Notes: Guerrier gets a starting nod

Notes: Guerrier gets a starting nod

MINNEAPOLIS -- Matt Guerrier has been waiting a long time for his first Major League win.

Having gone 87 appearances without a victory to make him the active leader among Major League pitchers, Guerrier has shown plenty of patience in waiting out his first "W."

That patience might not have to last much longer, as it was announced on Saturday that Guerrier will get the start on Tuesday in place of Scott Baker. It will be the first start for the right-hander in the Major Leagues since he made two for the Twins in 2004.

"I'm not saying it's going to be easy," Guerrier said of getting that first win. "I'll be on a pitch limit and everything, but I'll go out there and see what happens."

The winless streak has gone on for so long that Guerrier has been subjected to plenty of chiding in the clubhouse. It's not something that really has gotten to the pitcher, and even he jokes about it.

"I give myself a hard time about it, too," Guerrier said. "I just try to joke around about it."

For most clubs, it's a common occurrence to see every relief pitcher with at least one win, while some have racked up double-digit wins, like Jesse Crain did last season. But Guerrier has had to watch other guys -- like rookie Pat Neshek, who racked up three wins, and Francisco Liriano, who earned a "W" in his short stint in the bullpen.

"It's just kind of like he's been snakebit," pitching coach Rick Anderson said of the winless streak. "But now he's going to get his opportunity."

Getting back to being a starter, the role in which he has spent most of his career, is something that Guerrier had hoped he'd get the chance to do. There had been musings, with the Twins' recent rotation struggles, that Guerrier might get another shot as a starter, especially after he threw 49 pitches in his outing against Detroit on Thursday.

"People have always said stuff like, 'Do you think this is something that's going to come?'" Guerrier said. "I didn't really even think about it. I didn't want to think about that and have it not come, but I was very excited when [Anderson] told me today."

When the time comes on Tuesday for Guerrier to step back on the mound as the starter, the entire club will be rooting for him.

"Hopefully he'll reel off three or four in a row now," Anderson said with a smile.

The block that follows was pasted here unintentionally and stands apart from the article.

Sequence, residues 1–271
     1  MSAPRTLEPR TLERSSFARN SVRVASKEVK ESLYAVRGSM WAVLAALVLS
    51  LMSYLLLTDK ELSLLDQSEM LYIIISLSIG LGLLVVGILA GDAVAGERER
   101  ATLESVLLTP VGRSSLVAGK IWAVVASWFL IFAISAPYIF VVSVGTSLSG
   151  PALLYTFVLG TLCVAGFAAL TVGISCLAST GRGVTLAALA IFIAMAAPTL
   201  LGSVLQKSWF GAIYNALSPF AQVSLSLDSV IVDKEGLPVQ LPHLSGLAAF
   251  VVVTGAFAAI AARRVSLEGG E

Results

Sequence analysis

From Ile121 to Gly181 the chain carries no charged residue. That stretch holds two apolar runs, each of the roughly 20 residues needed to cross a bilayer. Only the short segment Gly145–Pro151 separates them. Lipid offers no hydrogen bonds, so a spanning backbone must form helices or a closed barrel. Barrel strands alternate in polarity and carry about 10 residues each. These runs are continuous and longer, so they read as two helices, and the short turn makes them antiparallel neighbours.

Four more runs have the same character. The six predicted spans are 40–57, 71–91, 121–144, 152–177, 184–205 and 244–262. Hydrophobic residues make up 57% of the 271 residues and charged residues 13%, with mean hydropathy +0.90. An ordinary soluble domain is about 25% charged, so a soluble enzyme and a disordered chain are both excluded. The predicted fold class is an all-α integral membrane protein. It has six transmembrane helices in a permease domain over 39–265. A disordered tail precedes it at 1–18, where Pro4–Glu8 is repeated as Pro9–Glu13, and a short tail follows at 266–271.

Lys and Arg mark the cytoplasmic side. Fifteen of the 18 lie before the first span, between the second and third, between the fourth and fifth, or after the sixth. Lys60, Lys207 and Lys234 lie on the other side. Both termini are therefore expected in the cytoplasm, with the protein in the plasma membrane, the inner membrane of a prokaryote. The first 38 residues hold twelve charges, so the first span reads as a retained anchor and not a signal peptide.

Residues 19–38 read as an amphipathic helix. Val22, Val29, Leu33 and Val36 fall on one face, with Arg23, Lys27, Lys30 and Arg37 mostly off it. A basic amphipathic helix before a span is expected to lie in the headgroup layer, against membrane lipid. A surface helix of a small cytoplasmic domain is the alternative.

Regaining confidence: Trying to figure out why the success that Baker had in the Minor Leagues has not been there for him this season in the Majors hasn't been easy for the Twins' coaching staff.

Baker was 5-4 with a 2.67 ERA in 12 starts for Rochester this season while going 4-8 with a 6.72 ERA in 14 starts for the Twins. Anderson feels that a large part of those struggles have been due to Baker's lack of confidence at this level.

"He's pitching timid," Anderson said. "I think he's thinking too much and trying to make the perfect pitch instead of being aggressive and being the guy that got him here. Hopefully putting him in the 'pen, where you come in for an inning and have to attack, will help him out."

Race for MVP: There has been a lot of talk about Twins first baseman Justin Morneau being a possible candidate for the American League MVP.

But in some recent articles, there has been another Twins player brought up as a candidate for the award -- Johan Santana.

There has long been a debate about whether a pitcher should be considered for the MVP award, considering that there is a separate award, the Cy Young, for pitchers.

And while Twins manager Ron Gardenhire admits that Santana should get consideration as the MVP for all he's done to help carry the club this season, he still feels the award is meant for a position player.

"I've always said that if a guy is out there playing every day leading your ballclub, he should be the MVP," Gardenhire said. "Maybe on some teams a pitcher is your MVP. ... But I think it should be a guy that's out there every day, battling five days a week, that earns the MVP award."

Making the jump: Joe Mauer's 3-for-4 night at the plate in Friday's game against the Tigers raised his batting average to .348 on the season.

It also helped stretch Mauer's lead for the batting title to five points over Yankees shortstop Derek Jeter, who is hitting .343.

Even after his re-emergence on Friday, the Twins catcher was given the night off on Saturday to allow him a start in Sunday's day game. Though Gardenhire said that he does pay attention to how Mauer is doing in terms of his stats, it's not something that will affect how he uses the catcher down the stretch.

"I see it, I know what he's at and where the other guy is most of the time," Gardenhire said of the numbers. "But it can't overtake what we're trying to do as a baseball team. His bat in the lineup -- whether he's hitting the ball or not hitting it -- is very important at this time of the year. He's going to have to hit his way through it, he's going to have to win [the title], and that's just the way it is. He wouldn't want it any other way."

Coming up: The Twins will host their final game of the season against the division-leading Tigers on Sunday in a 1:10 p.m. CT start. Santana (17-5, 2.84) will try to give the Twins their 26th win when he starts, facing Detroit right-hander Jeremy Bonderman (11-7, 4.02).

Kelly Thesier is a reporter for MLB.com. This story was not subject to the approval of Major League Baseball or its clubs.